Rubella Viral Infection: Epidemiology, Clinical Features And Diagnosis
Clinical Features Of Congenital Rubella
Epidemiology And Pathogenesis
Rubella is an exanthema caused by an RNA virus (50 to 85 nm in size) belonging to the family of togaviruses. The disease is characterized by mild constitutional symptoms and rash. Its importance is due to the risk of producing fetal abnormalities and abortion if it occurs in women during the early months of pregnancy.
Epidemiology: The infection spreads through droplets and entry is through the nasopharynx. Infective period starts one week before the onset of the rash and it lasts for one week after the rash fades. Virus is present in the nasopharyngeal secretion one week before the onset of the illness. In the early stage, viremia occurs. The virus reaches the fetus through the placenta and causes lesions in the fetus. The baby sheds the virus at birth and continues to be infective for 6 to 31 months. The disease is prevalent in the community and small epidemics may occur from time to time. Many cases may be subclinical . An attack confers lifelong immunity. In Western countries, it is estimated that 10 to 15% of adult women are susceptible to infection. In India, the disease is not infrequent, though reliable statistically figures are not available.
Pathogenesis: The virus is present in blood up to two days before the onset of the rash. Lymph nodes are moderately enlarged, showing edema and hyperplasia. When the fetus is affected, the virus multiplies in the liver, spleen, bone marrow and other tissues and leads to various structural malformations in the heart, nervous systems, eyes and the limbs.
Rubella embryopathy results either from inhibition of cell growth or cellular necrosis. Fetal defects include retardation of growth, eye defects like cataract, glaucoma or retinopathy, heart lesions, deafness, mental retardation, hepatosplenomegaly and skeletal abnormalities.
Physical Presentation Of Rubella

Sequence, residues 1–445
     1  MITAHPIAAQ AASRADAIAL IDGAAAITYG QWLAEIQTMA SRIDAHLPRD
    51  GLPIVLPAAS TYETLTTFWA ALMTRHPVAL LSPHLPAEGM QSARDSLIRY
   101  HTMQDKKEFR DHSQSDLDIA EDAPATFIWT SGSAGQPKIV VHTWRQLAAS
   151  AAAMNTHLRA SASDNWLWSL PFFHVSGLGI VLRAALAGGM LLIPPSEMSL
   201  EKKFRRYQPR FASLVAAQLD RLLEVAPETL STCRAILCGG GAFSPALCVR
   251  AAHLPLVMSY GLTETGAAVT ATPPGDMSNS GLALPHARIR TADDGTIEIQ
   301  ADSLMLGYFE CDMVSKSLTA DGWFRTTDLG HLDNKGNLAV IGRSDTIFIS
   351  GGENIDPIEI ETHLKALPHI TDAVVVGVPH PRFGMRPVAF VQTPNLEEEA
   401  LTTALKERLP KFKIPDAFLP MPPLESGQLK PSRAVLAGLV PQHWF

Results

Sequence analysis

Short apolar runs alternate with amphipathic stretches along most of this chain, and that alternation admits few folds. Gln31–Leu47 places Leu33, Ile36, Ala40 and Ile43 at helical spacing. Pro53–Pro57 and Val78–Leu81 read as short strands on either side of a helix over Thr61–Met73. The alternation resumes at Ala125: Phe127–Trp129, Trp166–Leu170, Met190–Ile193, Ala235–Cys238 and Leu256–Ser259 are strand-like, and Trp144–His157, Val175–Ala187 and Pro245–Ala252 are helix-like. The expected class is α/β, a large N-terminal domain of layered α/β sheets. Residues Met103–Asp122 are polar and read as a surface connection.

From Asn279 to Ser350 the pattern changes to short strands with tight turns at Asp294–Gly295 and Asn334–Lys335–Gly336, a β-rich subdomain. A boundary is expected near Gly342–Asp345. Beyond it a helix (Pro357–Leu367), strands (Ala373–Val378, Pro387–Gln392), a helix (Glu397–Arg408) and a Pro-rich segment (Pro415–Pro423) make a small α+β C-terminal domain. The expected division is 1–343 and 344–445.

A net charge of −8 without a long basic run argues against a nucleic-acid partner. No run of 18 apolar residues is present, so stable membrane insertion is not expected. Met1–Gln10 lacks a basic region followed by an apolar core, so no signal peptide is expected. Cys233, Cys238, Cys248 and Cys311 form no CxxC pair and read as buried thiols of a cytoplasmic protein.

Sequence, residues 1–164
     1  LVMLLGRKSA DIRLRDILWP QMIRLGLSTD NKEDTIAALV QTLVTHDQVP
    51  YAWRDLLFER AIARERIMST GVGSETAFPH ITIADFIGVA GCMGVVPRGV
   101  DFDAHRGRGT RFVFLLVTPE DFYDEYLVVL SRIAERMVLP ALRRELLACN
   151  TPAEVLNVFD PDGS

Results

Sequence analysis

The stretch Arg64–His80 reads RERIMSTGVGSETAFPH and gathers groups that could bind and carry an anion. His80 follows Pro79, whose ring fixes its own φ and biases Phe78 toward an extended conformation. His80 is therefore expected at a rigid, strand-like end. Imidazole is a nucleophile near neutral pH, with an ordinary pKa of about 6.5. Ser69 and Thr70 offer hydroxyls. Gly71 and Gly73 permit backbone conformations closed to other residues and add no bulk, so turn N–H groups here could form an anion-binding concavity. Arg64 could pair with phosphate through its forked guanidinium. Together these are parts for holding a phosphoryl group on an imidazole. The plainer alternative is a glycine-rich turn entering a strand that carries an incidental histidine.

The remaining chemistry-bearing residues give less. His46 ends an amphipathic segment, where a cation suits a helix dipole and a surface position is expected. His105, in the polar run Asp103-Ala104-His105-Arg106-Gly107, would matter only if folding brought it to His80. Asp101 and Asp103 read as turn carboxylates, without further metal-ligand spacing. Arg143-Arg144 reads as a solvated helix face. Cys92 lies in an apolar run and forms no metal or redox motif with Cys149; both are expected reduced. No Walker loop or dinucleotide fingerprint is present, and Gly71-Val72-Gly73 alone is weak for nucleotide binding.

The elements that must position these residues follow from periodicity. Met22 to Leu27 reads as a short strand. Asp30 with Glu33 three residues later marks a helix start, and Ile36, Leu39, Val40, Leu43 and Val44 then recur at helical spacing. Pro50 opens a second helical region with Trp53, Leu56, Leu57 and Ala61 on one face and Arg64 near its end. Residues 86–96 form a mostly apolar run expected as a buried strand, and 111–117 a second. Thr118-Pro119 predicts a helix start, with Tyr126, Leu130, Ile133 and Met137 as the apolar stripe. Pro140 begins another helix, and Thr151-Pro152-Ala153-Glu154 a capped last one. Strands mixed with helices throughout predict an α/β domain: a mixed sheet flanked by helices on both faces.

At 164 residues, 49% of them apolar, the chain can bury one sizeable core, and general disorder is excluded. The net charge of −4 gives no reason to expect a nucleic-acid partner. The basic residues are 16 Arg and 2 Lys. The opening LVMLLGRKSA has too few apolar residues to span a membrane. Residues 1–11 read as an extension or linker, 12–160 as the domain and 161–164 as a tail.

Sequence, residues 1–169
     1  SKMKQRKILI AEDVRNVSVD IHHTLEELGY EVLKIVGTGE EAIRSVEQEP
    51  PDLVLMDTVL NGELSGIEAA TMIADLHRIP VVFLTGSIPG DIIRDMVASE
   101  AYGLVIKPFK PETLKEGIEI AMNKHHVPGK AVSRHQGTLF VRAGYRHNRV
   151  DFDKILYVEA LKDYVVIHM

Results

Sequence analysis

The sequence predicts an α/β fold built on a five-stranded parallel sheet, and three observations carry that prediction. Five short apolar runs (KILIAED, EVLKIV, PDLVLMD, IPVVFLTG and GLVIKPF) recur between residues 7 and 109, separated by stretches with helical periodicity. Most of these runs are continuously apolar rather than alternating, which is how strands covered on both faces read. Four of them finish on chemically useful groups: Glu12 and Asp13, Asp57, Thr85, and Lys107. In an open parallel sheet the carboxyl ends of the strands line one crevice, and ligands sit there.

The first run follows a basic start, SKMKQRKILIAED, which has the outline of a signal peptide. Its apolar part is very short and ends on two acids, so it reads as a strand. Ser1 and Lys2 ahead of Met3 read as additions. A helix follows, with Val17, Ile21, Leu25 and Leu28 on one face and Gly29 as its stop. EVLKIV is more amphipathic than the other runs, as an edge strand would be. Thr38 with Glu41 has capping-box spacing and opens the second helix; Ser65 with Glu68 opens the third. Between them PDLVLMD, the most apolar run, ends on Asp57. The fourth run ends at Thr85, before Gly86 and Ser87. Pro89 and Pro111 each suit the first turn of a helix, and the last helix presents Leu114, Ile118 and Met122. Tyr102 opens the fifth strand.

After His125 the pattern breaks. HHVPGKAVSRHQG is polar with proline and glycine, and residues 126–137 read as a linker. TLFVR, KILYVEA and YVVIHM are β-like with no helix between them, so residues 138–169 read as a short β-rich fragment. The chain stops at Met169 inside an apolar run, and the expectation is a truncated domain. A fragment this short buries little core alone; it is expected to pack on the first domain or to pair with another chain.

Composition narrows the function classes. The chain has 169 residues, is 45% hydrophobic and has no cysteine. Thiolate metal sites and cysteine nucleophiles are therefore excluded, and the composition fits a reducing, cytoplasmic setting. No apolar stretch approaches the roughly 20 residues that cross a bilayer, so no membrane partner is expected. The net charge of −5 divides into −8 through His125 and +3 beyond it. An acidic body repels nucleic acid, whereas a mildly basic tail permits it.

Clinical Manifestations And Diagnosis Of Rubella
The incubation period is usually 2 to 3 weeks. The onset is sudden with malaise, fever, rashes and characteristic enlargement of the occipital, posterior auricular and posterior cervical glands.
The rash which resembles that of measles begins on the face and neck and spreads to the trunk and limbs. Compared to measles, the rash is less extensive. Enanthema may occur consisting of discrete rose coloured spots on the palate and fauces. The rash becomes discrete by the second day and it disappears in 3 to 4 days.
Compared to measles, constitutional symptoms are mild in children. In addition to fever and malaise, arthralgias, joint stiffness and headache may occur. Rarely, serious neurological complications like encephalitis, encephalomyelopathy or polyneuropathy develop 5 to 10 days after the onset. Thrombocytopenia may develop in a few.
Clinically, the disease should be suspected when fever, posterior cervical lymphadenopathy and rash occur in a young subject. Rubella has to be distinguished from measles, secondary stage of syphilis, drug rashes, infectious mononucleosis and ECHO. Coxsackie and adenovirus infections. The leucocyte count is normal in rubella. Specific diagnosis is established by finding a four-fold increase in hemagglutination inhibition antibodies in paired sera or by isolating the virus.
© 2014 Funom Theophilus Makama